this was mainly done cuz of space and someone suggested that it would be easier, but it works great!
     
  7. Mayhem

    Mayhem Senior Team Emeritus Premium Member

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    Good idea and KVM switches are great for this.

    I have found that (in the few times I have had a lap top close to sound gear) the interference is from the ?CPU ?crystal - I am not sure how to accurately explain it but it seemed that if the computer was thinking hard there was a burst of noise through the system. Very similar to what happens when a mobile phone is used too close to computer speakers.

    VHF wireless systems were especially prone to this.

    I hope that this makes sense!
     
  8. Nephilim

    Nephilim Active Member

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    Not from any crystal, just from the CPU/chipset combination, they're pretty leaky in laptops because there isn't nearly as much shielding in most laptop casings.
     
  9. Mayhem

    Mayhem Senior Team Emeritus Premium Member

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    Thanks for clearing that up Nephilim. Anyway - as I have said in a previous post, my personal preference is not to use computers for shows. I just think that there are too many variables that can go wrong. But - each to their own.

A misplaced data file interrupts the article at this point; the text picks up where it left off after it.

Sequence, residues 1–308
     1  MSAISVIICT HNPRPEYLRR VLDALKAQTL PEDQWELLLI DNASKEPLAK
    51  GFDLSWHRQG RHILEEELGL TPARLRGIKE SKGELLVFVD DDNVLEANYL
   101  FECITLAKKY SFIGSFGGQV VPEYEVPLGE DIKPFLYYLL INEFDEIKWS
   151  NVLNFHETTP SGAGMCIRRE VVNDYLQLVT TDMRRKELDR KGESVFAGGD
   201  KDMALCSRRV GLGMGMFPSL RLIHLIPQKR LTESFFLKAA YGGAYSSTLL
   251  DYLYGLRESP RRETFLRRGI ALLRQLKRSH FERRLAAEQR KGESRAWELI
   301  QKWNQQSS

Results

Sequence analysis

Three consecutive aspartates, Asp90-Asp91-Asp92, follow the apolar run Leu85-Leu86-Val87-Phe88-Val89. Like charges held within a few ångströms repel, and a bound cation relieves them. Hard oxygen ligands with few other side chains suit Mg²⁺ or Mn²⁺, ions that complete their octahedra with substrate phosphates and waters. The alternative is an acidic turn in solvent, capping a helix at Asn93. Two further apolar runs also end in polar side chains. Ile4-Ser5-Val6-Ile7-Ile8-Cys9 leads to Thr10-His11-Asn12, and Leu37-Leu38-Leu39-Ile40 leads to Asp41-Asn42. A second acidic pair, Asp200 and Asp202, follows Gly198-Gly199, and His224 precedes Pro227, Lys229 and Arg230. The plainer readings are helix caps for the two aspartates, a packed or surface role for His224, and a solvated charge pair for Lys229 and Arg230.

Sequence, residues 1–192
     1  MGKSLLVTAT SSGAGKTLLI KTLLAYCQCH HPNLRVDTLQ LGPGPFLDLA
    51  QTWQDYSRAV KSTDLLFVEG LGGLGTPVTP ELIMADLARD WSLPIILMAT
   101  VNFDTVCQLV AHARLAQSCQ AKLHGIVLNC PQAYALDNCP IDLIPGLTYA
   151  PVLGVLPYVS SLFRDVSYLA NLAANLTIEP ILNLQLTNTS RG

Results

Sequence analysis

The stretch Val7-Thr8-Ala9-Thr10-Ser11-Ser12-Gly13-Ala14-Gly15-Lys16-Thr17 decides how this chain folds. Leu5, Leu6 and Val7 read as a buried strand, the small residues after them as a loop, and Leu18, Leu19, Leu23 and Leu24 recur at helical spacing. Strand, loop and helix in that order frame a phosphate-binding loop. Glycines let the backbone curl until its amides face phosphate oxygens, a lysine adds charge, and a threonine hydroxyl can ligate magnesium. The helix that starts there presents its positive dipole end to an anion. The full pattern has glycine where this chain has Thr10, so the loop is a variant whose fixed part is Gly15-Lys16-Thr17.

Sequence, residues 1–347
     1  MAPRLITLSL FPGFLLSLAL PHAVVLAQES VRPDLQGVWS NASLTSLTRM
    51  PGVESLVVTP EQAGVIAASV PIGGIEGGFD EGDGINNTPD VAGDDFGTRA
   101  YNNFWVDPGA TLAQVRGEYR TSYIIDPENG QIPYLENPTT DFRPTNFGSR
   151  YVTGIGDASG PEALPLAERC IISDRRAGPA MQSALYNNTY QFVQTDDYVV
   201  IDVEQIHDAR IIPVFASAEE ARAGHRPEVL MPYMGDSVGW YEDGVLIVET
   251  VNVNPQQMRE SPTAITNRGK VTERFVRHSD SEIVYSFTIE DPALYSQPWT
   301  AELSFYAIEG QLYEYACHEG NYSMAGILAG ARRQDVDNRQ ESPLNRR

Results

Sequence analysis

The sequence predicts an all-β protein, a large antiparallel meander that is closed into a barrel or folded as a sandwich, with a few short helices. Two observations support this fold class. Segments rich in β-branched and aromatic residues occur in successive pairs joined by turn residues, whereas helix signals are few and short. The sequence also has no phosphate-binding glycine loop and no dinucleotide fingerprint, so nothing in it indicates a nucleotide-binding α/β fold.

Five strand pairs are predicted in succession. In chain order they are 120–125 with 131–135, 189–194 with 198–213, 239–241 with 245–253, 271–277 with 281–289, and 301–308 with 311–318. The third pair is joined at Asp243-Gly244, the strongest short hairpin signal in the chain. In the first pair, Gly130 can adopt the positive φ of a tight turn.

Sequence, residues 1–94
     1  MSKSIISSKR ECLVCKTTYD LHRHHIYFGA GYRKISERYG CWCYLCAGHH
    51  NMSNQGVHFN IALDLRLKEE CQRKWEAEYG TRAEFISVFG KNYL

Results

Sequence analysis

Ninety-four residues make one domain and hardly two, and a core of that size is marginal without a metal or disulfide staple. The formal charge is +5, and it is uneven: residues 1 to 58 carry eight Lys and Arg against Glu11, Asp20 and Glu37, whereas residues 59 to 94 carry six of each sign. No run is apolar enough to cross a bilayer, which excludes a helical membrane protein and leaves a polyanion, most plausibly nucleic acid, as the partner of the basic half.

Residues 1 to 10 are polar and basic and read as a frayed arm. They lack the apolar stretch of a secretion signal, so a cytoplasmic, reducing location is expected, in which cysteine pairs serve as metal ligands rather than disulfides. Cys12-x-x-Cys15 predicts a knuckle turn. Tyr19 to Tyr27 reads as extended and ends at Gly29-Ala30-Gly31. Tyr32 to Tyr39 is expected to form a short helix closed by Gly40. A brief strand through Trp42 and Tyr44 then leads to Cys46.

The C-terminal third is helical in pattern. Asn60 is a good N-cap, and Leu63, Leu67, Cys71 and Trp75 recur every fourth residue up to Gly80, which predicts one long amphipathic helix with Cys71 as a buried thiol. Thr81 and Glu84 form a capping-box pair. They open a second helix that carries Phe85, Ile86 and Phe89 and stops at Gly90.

10. andguent

    andguent Member

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    Well I thank you all for the advice. I think I am going to go ahead and risk it, and just be more persistant about backups. Whether I get noise in the system or not will be a question easily answered.

    I am heavily leaning towards the near future purchase of a Carvin 500wX2 amp. It is a bit more power then I need, but it's nice to have flexibility.

    Does anyone have recommendations for an online store with rack mounting hardware like shelves? How about EMI shielding material just incase? :) Thanks all.
     
  11. Mayhem

    Mayhem Senior Team Emeritus Premium Member

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    As I am several thousand miles away I am not going to be much help when it comes to an online shop that will be beneficial to your location. However, I would suggest looking at the accessories and cases the SKB produce http://www.skbcases.com/home/index.html

    I tend to build my own rack mounted shelves and drawers as I find it much more cost effective and not all that difficult. Besides, there are some instances where you can never find exactly what it is that you want.

    In many cases you can get the materials free from metal fabrication workshops as the off cuts that they throw away are ideal for what is needed. I am not sure what the situation is in the US but here you can get almost anything done for a case of beer. I often get things bent up and pressed at a local fabricator and the most he has ever charged was a case of beer.